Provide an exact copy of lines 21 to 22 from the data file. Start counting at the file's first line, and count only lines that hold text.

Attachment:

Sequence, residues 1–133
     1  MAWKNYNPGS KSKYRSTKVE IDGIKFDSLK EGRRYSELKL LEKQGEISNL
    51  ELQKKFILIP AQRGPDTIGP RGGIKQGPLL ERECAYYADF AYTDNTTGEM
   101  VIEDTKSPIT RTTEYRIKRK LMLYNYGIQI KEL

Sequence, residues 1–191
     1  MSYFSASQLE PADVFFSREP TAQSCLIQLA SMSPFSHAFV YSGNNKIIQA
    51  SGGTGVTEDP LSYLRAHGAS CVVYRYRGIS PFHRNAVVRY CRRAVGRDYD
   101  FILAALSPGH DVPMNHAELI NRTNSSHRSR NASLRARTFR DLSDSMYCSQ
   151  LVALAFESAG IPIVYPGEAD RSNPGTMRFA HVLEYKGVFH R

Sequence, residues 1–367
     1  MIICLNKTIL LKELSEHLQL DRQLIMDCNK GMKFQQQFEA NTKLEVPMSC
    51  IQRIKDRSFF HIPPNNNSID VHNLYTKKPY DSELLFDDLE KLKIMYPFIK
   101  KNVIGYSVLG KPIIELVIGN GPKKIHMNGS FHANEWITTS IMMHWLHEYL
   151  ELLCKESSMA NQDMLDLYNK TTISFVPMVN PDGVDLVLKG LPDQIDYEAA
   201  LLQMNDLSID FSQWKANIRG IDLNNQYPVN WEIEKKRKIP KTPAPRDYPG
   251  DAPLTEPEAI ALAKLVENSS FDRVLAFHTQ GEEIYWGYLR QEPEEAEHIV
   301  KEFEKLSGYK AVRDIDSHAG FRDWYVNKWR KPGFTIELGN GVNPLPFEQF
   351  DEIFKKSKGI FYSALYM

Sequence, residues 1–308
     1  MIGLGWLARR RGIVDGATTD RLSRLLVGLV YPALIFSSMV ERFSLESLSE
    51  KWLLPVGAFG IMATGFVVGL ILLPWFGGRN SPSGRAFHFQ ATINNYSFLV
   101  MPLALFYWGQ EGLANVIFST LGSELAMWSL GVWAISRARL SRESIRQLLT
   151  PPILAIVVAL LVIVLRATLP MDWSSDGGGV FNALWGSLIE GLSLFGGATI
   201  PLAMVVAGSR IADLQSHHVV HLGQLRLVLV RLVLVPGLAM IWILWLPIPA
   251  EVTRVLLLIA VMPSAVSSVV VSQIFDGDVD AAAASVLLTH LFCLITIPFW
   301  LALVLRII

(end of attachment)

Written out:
    51  KWLLPVGAFG IMATGFVVGL ILLPWFGGRN SPSGRAFHFQ ATINNYSFLV
   101  MPLALFYWGQ EGLANVIFST LGSELAMWSL GVWAISRARL SRESIRQLLT